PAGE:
A 'living model' for helping those in need

By Jean Parietti

Reprinted with the permission of the Catholic Northwest Progress

John Morford
John Morford | PhotoByMike.com
Serving a communal meal for 300 needy people at Blessed Sacrament Parish every Sunday and helping another 130 households stock their pantries each Friday requires organization, manpower and dedication.

So the parish is fortunate to have volunteer John Morford, a 75-year-old retired professor of Seattle University’s College of Education, whose forte is keeping the food programs running smoothly and motivating nearly 100 volunteers.

“He’s just an amazing leader,” said Mark Sisk, who has volunteered with Morford for many years through Blessed Sacrament’s St. Vincent de Paul Society, which manages the food programs. “He’s very inspiring in his passion for what he does,” Sisk said. “I think that kind of filters down to all the volunteers.”

For his work with the food programs, and for serving as a unpaid consultant to local Catholic schools over the past 13 years, Morford received this year’s Archbishop Raymond G. Hunthausen Humanitarian Award from Catholic Community Services/Archdiocesan Housing Authority.

“His devotion to the poor is Christ-like,” Blessed Sacrament pastor Father Daniel Syverstad, O.P., wrote in endorsing Morford for the award. “In my view, he is a living model for those who would practice the Gospel by helping their brothers and sisters who are in need.”

Morford first worked with the St. Vincent de Paul Society when he and three others started a conference in their Pasco parish in the 1950s.

“I’ve always been interested in helping others,” Morford said. “Throughout my teaching career, I was really involved in social issues.”

For instance, he founded one of the nation’s first programs to prepare teachers for work in impoverished neighborhoods. When he directed an educational leadership doctoral program at Seattle University, students were required to take on social commitments above and beyond their academic work.

“As a human being, I believe that’s the way people ought to live, so I try to do that,” he said.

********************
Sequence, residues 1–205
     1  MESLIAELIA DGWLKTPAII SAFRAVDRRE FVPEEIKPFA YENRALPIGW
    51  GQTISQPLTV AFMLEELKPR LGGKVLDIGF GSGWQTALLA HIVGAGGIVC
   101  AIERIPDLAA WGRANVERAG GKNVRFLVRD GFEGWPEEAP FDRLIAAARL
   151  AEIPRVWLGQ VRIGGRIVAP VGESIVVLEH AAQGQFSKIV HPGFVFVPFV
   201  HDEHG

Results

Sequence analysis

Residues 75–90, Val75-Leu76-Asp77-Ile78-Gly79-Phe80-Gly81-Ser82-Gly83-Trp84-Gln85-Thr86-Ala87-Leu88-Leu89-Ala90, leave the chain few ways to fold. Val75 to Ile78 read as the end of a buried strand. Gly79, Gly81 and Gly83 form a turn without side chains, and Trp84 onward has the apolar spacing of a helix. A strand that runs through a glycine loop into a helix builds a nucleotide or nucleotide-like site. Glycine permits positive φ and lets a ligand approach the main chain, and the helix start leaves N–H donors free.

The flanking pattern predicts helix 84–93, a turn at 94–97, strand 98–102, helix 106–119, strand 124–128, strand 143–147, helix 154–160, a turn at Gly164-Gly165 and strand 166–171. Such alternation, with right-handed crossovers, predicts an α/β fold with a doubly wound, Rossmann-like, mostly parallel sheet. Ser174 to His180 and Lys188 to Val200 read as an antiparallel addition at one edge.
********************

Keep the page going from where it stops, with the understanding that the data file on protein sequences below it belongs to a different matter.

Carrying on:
Morford and his wife, Jerene, have managed the Blessed Sacrament food bank since his retirement in 1995. In 2000, he became director of the parish food programs, including the Sunday dinner (managed by the Society since 1969). He also is president of the parish’s St. Vincent de Paul conference.

Morford organizes the monthly meal-planning meeting, orders food, picks up supplies and even does maintenance work on the walk-in freezer. He initiated a recycling program and now the group is composting food waste, Sisk said.

“For someone who’s not compensated, it’s amazing how much time and energy he puts into it. He does the work of three or four people,” Sisk said. “John not only makes the world a better place, John inspires others to do so as well,” Sisk wrote in his nomination letter.

Morford says his wife’s example and support have been his inspiration. “A day never goes by in which she does not do something to help someone in need,” he said.

Mission Day Gathering

The Archbishop Raymond G. Hunthausen Award was one of three given March 27 during “A Future Full of Hope,” the Catholic Community Services/Archdiocesan Housing Authority Mission Day at Holy Rosary Church in Edmonds.

The other 2007-08 CCS/AHA awards and their recipients were:

The Archbishop Alex J. Brunett Outstanding Benefactor Award, presented to John and Carolyn Cunningham of Seattle’s St. Bridget Parish. The Cunninghams made a significant financial commitment that allowed CCS/AHA to redesign its Web site and improve its Web-based fund-raising efforts.

The Archbishop Thomas J. Murphy Servant Leadership Award, which honors an outstanding CCS/AHA program. The staff of CD System Northwest, providing chemical dependency services in Whatcom and Snohomish counties, was recognized for successfully integrating two other chemical dependency programs and creating a financially stable and well-regarded program during the past three years.

First published by the Catholic Northwest Progress - April 17, 2008 Edition

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